CAIRO - Rejecting growing hijabophobia in Lagos schools, a leading Islamic organization has planned a protest at governor's office, urging him to end victimization against Muslim pupils as an infringement on the constitutional rights of pupils.
What is happening in some public schools in the state is no more acceptable, Zhikirul-lahi Sulaiman, Assistant -General Secretary of Muslim Students Society (MSS), told Leadership newspaper.
It is clearly an infringement of the rights of the students and so a clear violation of the constitution.
Lagos authorities have banned the wearing of hijab at schools. The Muslim outfit is also outlawed in most south-western states.
The MSS protest was planned to condemn repeated victimization of Muslim students donning hijab at school.
Blocking the entrance to the office of the governor, protesters carried placards saying Hijab is our right and Stop this Hijabophobia.
They were referring to latest incidents in which Muslim students were punished for donning hijab.
"Imagine a JSS one student of Kadara Junior school, Ebutte Metta was recently given 43 strokes of the cane by one of her teachers just because she wore Hijab to school, Sulaiman said.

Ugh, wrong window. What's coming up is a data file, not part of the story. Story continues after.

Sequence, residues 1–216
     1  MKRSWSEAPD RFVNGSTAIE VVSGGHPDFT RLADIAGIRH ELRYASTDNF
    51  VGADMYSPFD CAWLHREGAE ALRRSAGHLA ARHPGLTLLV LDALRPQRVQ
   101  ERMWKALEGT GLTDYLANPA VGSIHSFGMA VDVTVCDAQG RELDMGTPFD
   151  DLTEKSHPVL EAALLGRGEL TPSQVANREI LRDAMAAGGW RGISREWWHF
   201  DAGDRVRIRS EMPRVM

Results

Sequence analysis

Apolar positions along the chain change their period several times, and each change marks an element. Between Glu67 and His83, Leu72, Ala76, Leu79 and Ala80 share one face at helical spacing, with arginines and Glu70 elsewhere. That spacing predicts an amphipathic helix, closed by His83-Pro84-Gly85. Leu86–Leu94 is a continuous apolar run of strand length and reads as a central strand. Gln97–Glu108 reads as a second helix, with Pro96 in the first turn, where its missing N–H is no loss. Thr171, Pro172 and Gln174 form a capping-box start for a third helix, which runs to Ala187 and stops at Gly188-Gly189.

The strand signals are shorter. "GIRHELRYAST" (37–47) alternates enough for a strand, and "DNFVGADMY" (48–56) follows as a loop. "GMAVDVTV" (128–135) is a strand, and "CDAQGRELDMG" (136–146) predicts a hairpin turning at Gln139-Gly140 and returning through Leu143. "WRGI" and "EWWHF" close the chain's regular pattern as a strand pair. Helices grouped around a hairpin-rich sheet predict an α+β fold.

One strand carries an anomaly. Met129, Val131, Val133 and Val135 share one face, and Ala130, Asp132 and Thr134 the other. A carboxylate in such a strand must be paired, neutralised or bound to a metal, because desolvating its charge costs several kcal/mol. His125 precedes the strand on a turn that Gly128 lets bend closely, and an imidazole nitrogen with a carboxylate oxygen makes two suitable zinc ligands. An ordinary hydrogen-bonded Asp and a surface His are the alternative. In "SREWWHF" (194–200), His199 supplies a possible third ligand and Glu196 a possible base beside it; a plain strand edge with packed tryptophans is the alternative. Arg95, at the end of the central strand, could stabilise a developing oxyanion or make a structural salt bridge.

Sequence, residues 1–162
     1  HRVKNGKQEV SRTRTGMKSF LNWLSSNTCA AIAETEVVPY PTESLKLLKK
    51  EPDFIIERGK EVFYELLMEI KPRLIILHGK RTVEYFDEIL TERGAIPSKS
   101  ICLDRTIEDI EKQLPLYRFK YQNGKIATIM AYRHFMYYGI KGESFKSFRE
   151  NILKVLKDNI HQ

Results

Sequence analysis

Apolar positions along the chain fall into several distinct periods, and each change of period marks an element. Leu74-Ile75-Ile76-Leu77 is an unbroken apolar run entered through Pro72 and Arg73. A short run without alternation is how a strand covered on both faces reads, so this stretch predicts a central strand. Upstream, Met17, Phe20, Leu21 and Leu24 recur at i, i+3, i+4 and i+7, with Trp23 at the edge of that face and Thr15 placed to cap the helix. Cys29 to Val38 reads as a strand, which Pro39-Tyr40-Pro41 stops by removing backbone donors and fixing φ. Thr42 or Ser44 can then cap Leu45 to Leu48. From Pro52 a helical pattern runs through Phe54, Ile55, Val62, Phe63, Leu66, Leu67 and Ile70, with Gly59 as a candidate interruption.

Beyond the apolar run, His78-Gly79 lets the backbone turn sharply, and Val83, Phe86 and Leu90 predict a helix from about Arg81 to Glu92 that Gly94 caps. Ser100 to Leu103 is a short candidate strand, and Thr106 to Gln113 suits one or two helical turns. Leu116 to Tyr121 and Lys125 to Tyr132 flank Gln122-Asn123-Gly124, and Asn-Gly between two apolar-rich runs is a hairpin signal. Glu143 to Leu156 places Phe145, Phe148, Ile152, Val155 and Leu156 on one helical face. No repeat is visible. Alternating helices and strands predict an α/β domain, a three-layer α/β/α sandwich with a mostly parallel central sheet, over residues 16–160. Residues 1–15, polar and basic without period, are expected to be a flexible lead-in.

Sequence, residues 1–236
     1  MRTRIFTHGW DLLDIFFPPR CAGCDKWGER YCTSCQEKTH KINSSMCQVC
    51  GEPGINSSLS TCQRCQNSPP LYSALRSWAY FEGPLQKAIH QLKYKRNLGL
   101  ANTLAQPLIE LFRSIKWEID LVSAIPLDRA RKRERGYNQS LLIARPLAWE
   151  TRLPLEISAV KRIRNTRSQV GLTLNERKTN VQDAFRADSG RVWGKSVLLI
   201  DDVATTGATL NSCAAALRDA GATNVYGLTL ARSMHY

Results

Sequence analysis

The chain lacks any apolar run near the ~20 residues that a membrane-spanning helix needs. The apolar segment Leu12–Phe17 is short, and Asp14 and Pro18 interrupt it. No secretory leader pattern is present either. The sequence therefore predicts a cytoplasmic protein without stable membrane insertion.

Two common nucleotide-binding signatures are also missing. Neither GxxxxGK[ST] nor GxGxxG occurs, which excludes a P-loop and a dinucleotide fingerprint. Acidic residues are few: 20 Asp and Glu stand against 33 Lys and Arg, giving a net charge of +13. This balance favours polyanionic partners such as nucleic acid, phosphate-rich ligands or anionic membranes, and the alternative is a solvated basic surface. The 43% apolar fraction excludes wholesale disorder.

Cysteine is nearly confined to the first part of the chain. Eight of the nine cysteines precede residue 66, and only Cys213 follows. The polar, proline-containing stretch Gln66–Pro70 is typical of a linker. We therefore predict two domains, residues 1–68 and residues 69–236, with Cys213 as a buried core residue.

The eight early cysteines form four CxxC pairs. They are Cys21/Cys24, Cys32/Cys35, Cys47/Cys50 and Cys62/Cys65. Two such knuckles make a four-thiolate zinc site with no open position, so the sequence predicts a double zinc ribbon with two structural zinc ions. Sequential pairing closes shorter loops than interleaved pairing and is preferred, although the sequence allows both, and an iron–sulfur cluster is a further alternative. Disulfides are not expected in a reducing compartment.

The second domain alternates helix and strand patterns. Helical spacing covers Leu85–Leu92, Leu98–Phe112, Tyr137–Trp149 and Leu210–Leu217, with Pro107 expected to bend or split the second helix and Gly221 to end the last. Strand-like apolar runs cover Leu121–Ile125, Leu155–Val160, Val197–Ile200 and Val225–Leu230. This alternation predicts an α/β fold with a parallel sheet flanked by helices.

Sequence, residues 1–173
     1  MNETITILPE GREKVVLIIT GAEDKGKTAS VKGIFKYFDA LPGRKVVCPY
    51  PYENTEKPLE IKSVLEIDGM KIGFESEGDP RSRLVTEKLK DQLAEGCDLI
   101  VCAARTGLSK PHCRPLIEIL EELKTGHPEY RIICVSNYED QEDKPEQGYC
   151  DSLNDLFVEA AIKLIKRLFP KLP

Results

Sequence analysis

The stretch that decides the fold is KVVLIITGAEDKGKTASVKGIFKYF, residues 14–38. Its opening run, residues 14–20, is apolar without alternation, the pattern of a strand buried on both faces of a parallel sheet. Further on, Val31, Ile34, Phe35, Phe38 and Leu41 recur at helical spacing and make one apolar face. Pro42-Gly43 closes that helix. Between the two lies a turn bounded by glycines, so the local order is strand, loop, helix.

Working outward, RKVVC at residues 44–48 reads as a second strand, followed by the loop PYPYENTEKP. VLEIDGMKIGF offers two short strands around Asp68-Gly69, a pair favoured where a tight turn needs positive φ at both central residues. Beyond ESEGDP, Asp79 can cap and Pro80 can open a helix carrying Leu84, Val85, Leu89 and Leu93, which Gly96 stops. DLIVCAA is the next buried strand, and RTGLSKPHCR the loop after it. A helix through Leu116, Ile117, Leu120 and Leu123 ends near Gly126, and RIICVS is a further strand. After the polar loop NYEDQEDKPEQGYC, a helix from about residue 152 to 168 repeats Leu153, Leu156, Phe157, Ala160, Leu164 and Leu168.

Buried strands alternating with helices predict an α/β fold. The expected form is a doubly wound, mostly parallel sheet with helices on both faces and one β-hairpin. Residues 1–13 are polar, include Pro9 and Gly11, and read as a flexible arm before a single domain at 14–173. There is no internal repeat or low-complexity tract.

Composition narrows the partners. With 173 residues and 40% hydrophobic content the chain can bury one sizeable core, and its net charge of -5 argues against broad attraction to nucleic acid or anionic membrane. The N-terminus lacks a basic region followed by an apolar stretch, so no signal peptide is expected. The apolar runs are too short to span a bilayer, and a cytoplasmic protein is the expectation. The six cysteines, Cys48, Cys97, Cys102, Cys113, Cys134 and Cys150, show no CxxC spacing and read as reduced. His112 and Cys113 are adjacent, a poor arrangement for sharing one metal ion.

"Barira Tajudeen, another student of Mafoluku Senior Grammar School, Oshodi was on Feb.20 suspended by her school authorities for covering her head with Hijab, he added.
Islam sees hijab as an obligatory code of dress, not a religious symbol displaying one's affiliations.
The Muslim outfit has been in the eye of storm since France banned it at public schools in 2004.
Since then, several countries have followed suit.
The hijab ban won flaks from Nigerian Muslims, urging the government to end arbitrary harassment of our pupils in Hijab.
"This is one harassment, too many, Sulaiman said.
The constitution of the country recognises the right of everyone to practice any religion of his choice. This ugly trend must stop", he said.
Hijab ban has already been stirring controversies in Nigeria for months.
Last April, a group of Muslim lawyers said they were to sue the state government of Nigeria's largest state of Lagos to reverse a ban on the wearing of hijab at schools.
The move followed the failure of talks with the government to convince Lagos authorities to reverse its ban on the Muslim headscarf in schools.
Muslims make up 55 percent of Nigeria's 140 million population, while Christians account for 40 percent.
Ethnic and religious tensions have bubbled for years between the two religious communities, fuelled by decades of resentment between indigenous groups, mostly Christian or animist, who are vying for control of fertile farmlands with migrants and settlers from the Hausa-speaking Muslim north.